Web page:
12. The ice chest or cooler of claim 4, further comprising a housing cap located above each said handle proximate said container lip, and wherein said guides are leg housings having an upper end and a lower end and extend downward from said housing cap and extending downward to points proximate said apertures, said retractable legs being slideably located within said leg housings for extension through said apertures, said front legs and said rear legs extending downward.
13. The ice chest or cooler of claim 12, said outer wall defining a vertical actuator slot therein, said leg release button having mounted for vertical travel within said handle, said leg release button having a bracket extending through said slot, said bracket defining a horizontal actuator bore therethrough, said linkage comprising a release cable having opposed ends and at least first and second turning blocks spaced above and to opposite sides of said release button and bracket, said release cable extending from a front said leg lock, over said first turning block, downward and through said horizontal actuator bore, upward and over said second turning block, and downward to a rear said leg lock, whereby, upon pressing said leg release button downward, said bracket pulls downward on said release cable, thereby pulling said release cable inward over said first and second turning blocks and thereby exerting upward force on said leg locks, releasing said leg locks from said lock receivers.
14. The ice chest or cooler of claim 13, said leg locks being mounted proximate said lower end of said leg housings on an inner side thereof, each said retractable legs having an inner side having at least one lock receiver proximate said upper end thereof and at least one lock receiver proximate said lower end thereof.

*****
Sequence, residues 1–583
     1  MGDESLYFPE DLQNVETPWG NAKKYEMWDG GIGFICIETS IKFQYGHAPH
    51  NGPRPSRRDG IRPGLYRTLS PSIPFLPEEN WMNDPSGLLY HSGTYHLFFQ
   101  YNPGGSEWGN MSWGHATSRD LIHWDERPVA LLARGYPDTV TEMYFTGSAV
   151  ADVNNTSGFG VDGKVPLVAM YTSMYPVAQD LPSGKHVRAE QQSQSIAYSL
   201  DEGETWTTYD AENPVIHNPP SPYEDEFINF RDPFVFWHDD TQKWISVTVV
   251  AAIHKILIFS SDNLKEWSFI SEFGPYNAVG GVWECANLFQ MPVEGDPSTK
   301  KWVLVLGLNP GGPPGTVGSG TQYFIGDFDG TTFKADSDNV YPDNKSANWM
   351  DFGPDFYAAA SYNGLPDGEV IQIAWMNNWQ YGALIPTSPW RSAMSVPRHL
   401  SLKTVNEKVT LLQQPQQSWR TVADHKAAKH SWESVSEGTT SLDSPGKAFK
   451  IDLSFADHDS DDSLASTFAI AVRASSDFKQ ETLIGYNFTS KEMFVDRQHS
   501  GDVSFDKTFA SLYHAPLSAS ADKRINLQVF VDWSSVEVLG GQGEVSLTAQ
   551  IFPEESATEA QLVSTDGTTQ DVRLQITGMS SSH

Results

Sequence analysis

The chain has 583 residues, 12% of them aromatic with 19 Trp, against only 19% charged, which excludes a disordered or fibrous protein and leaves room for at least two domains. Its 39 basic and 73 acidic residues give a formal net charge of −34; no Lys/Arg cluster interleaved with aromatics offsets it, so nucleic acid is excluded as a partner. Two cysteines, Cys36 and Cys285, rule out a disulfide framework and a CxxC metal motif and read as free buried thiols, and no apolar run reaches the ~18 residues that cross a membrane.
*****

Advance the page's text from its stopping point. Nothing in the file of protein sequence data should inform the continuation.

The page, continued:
15. The ice chest or cooler of claim 14, said leg locks having lock engagement keys and said lock receivers being key holes defined by said retractable leg, said engagement keys engaging said lock engagement keys, said engagement keys being removed from said key holes upon upward force being applied to said leg locks by said release cable, thereby releasing said retractable leg for extension or retraction.
16. The ice chest or cooler of claim 15, wherein said leg locks include a lock arm mounted for rotation by means of a lock pivot pin between let lock supports mounted on said leg housing, said lock arm having a lock lever arm extending upward and outward from said lock arm above said pivot pin and engaging said release cable, said lock arm having a said lock engagement key extending outward below said pivot pin so as to disengage said key holes upon upward force being applied by said release cable to said lock lever arm, said lock having a spring located between said lock arm and said leg housing applying force to said lock arm to engage said lock engagement key with a said key hole.
17. The ice chest or cooler of claim 16, wherein said leg housings and said retractable legs are vertically disposed, said release linkage having third and fourth turning blocks respectively spaced outward from corresponding first and second turning blocks relative to said actuator button bracket, said release cable extending over said third turning block between said front leg lock and said first turning block and said cable extending over said fourth turning block between said second turning block and said rear leg lock.